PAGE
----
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Scale comparison of 800-foot-tall wave and skyscraper

An 800-foot-tall wave breaking next to a skyscraper for scale

This simulation shows an 800-foot-tall wave breaking next to a skyscraper for scale. A study by researchers at the University of Washington (UW) has for the first time, recorded an enormous wave breaking miles below the surface in a key bottleneck for global ocean circulation.

In the deep ocean, huge, skyscraper-tall waves can form between layers of water of different densities. These waves transport heat, energy, carbon and nutrients around the globe, and where and how they break is important for the planets climate.

Dense water in Antarctica sinks to the deep Pacific, where it eventually surges through a 25-mile gap in the submarine landscape northeast of Samoa. "Basically the entire South Pacific flow is blocked by this huge submarine ridge," said Matthew Alford, an oceanographer at UW. "The amount of water thats trying to get northward through this gap is just tremendous--6 million cubic meters of water per second, or about 35 Amazon Rivers."

In the summer of 2012, the UW team, led by Alford, went on expedition to the Samoan Passage, a narrow channel in the South Pacific Ocean that funnels water flowing from Antarctica. The team wanted to track the 800-foot-high waves that form atop the flow, three miles below the oceans surface. Their measurements show these giant waves do break, producing mixing 1,000 to 10,000 times that of the surrounding slow-moving water.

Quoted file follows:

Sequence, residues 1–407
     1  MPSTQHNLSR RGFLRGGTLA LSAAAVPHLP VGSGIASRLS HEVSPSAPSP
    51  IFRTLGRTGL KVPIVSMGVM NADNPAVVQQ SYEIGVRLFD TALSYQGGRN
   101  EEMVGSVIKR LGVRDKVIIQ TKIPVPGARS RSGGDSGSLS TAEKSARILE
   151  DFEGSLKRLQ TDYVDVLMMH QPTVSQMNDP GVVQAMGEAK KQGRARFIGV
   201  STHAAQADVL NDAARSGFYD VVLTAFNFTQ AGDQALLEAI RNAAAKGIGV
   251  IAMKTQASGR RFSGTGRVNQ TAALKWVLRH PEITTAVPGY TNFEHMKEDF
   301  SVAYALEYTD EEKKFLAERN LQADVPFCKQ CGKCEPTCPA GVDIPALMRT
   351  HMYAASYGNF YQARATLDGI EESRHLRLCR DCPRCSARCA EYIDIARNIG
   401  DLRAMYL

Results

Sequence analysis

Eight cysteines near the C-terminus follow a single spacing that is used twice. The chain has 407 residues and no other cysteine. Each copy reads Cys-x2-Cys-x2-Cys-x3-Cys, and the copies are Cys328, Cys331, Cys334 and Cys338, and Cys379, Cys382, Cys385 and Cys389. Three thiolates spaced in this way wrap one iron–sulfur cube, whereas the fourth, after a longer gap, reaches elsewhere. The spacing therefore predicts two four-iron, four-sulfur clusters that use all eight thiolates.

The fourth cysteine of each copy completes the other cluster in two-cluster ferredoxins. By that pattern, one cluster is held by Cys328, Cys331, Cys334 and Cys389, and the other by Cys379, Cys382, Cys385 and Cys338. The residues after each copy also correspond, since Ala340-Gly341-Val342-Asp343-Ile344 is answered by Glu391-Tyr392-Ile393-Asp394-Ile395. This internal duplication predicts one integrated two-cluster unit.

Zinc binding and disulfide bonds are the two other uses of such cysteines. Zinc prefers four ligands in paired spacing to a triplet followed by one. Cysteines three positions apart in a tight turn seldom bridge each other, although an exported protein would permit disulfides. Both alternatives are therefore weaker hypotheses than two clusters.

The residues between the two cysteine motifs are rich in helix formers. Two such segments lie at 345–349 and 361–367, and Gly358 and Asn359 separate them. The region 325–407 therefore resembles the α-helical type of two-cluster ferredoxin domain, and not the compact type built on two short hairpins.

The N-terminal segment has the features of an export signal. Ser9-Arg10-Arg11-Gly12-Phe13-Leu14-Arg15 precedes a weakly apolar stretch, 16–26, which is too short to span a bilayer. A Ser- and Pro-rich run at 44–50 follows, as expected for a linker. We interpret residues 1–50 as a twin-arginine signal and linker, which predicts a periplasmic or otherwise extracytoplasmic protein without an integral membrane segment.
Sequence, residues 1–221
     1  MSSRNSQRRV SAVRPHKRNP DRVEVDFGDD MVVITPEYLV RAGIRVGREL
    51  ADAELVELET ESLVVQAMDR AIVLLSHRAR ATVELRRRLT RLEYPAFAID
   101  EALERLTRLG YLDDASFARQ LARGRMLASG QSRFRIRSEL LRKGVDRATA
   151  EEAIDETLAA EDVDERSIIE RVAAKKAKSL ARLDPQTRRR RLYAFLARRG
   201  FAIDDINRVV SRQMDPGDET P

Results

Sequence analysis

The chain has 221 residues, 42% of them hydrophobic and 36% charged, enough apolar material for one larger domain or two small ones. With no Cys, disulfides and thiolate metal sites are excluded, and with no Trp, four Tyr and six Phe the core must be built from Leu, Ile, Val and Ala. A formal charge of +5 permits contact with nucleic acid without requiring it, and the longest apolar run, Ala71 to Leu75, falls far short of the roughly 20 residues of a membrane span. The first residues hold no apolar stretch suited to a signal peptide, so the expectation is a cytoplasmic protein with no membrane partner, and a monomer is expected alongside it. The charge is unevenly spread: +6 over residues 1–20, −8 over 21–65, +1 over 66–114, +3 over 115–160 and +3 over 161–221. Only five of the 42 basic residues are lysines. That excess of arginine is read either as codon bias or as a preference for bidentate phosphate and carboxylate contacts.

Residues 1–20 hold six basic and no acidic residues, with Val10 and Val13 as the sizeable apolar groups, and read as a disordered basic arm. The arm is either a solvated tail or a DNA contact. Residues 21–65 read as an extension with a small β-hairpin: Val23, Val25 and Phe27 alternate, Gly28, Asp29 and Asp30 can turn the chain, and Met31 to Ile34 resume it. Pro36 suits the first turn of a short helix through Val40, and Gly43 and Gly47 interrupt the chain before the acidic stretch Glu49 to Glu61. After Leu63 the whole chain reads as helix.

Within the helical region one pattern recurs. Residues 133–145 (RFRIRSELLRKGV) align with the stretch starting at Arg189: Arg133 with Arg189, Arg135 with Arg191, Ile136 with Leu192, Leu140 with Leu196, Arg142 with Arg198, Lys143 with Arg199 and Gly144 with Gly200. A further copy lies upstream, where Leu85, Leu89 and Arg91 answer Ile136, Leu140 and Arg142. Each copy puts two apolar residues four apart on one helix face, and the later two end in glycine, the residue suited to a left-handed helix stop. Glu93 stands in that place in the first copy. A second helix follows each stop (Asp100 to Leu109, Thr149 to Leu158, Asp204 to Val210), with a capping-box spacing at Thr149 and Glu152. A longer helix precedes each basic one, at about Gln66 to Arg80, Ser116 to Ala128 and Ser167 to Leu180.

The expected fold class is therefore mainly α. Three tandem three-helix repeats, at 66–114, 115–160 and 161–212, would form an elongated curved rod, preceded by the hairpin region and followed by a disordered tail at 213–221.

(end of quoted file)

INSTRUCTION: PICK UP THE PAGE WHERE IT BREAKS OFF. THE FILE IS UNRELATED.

The Samoan Passage is important because it mixes so much water, but similar processes happen in other places, Alford said. Better knowledge of deep-ocean mixing could help simulate global currents and place instruments to track any changes.

To read more about this research, see the UW news story Breaking deep-sea waves reveal mechanism for global ocean mixing. (Date of Image: 2013)


Credit: Tom Peacock, MIT/Wide Eye Productions

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